Blog, Guest Post

Guest Post – “Dialogue”

Guest Post by Sarah Jayne Tanner

39 Dialogue

When we talk about writing novels, we talk a lot about structure, plot, character and themes, but not so much about writing good dialogue. At university, I studied for a BA English Literature with Creative Writing, and then went on to do an MA in Creative Writing, and I don’t recall ever having a lecture or seminar which focused on dialogue. Which is interesting, because whilst a novel needs a good plot, strong characters and central themes, it is the dialogue which shows us how the characters interact with each other and helps drive the plot and story forward.’m not sure I’ve ever come across a novel which lacks dialogue altogether. I’ve read many novels and short stories in particular which are light on dialogue and some short stories which eschew dialogue entirely but I genuinely cannot think of a single novel which doesn’t have at least a few lines of dialogue.

If anyone can think of one, I’d be interested to know.

Why is dialogue so important?

Well, imagine trying to get to know someone without talking to them. Is it possible? No, not really. We need to talk to each other to get to know each other, and there is very little in our lives that we can accomplish without communication, whether by spoken word, written word or sign-language.

This is no less true of the characters we read or write. Good dialogue is essential, and it’s tricky to get right, to sound natural without sounding exactly how people actually speak, because how people actually speak is not good dialogue.

alphabet-antique-casual-1035591When writing dialogue, we don’t want it to sound like a piece of genuine, real-life conversation. Why not? Well, listen carefully the next time you have a conversation with someone. How many times do they start and re-start a sentence? How often do they stop and stumble over what they’re saying? How many times do they say “um” and “ah” and “er”? What verbal ticks do they have, such as the tendency to say “like” and “basically” and “you know” every few words? How many sentences just run on and on? How many sentences are just fragments, not complete sentences at all?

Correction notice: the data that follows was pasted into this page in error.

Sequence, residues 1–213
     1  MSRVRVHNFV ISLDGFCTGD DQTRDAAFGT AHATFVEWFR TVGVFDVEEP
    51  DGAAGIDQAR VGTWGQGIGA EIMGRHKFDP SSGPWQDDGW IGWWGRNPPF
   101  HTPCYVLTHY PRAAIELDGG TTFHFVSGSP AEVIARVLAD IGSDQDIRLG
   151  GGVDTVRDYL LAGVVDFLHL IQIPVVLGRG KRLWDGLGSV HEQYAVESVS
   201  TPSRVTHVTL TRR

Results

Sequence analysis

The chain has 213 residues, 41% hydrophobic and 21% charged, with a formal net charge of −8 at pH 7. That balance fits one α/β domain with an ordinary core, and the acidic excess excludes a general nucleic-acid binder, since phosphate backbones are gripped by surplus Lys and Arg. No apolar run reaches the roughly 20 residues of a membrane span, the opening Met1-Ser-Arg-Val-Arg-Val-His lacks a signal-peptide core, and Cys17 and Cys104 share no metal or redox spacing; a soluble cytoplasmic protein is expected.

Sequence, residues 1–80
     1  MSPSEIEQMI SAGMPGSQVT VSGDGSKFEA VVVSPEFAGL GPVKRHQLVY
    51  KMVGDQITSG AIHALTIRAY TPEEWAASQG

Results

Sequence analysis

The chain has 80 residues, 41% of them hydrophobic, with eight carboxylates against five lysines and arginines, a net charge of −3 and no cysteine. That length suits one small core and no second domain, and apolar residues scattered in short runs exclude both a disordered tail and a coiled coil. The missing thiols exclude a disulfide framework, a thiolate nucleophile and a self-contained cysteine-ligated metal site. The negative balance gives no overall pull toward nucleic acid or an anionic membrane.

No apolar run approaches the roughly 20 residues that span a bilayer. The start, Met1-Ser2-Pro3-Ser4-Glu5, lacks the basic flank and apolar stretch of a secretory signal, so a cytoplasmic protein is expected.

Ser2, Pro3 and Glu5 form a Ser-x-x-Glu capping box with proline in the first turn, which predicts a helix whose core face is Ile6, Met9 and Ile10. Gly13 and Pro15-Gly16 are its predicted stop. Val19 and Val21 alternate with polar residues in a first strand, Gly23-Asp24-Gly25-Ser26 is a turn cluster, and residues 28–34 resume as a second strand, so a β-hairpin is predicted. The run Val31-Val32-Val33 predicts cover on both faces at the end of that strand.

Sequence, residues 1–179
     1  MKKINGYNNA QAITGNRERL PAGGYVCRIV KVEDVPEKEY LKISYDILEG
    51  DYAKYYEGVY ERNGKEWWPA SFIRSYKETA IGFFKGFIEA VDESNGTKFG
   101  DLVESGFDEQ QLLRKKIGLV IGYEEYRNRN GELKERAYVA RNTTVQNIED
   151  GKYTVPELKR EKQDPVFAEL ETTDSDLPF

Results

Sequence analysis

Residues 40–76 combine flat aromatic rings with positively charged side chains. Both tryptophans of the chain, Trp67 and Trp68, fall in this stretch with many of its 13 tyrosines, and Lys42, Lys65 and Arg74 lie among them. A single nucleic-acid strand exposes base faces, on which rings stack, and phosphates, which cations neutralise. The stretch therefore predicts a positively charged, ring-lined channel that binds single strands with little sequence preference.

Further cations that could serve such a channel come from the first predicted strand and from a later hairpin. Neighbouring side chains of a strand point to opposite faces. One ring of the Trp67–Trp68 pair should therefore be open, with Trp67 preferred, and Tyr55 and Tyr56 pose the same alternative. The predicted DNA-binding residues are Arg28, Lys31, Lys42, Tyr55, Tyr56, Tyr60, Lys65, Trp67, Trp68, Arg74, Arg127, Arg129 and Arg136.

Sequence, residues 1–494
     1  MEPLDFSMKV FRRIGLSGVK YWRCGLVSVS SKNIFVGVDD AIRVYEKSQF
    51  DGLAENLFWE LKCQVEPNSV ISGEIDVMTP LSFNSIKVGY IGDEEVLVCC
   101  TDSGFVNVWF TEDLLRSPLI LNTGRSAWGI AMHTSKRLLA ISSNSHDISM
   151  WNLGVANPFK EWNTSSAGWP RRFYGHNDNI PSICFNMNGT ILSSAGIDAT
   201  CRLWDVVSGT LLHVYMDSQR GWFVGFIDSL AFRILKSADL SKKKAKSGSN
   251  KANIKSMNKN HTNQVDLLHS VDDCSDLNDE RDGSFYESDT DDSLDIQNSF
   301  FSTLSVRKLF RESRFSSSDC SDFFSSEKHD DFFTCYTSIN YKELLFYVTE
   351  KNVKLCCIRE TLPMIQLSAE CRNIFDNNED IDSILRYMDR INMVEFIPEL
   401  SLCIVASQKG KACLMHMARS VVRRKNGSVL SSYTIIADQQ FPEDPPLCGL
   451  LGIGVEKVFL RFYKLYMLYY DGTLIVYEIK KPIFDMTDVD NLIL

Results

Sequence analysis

Much of our own real-life dialogue is spontaneous, almost a stream of consciousness which we can’t rehearse or edit in the same way that we can the written word. Our natural dialogue is often fractured because it is, essentially, improvised, spoken as an answer or a reaction to what someone has just said to us or an incident that has just occurred.

When giving a speech, dialogue becomes rather more different, because it is prepared and rehearsed. With a good orator – for example, someone giving a speech or a comedian telling a story – it’s difficult to tell that they are reading from a script or from notes, or even memory – even though we know that they are – as the sound of their speech has a natural ebb and flow to it. Actors don’t make up dialogue as they go along, as a rule, and the dialogue in their film/show/play is carefully written and edited to sound like natural conversation, even though it isn’t.


Dialogue for a novel is the same. It needs to sound natural, even though it is anything but. We don’t include the verbal ticks and pauses, the “ums” and “ers” and “ahs” when we write dialogue (unless they serve a specific purpose) because reading real-life dialogue between real-life human beings is actually quite boring. If you don’t believe me, then trying transcribing a conversation between yourself and another one or two people. If written dialogue mimicked real dialogue, it would be tedious.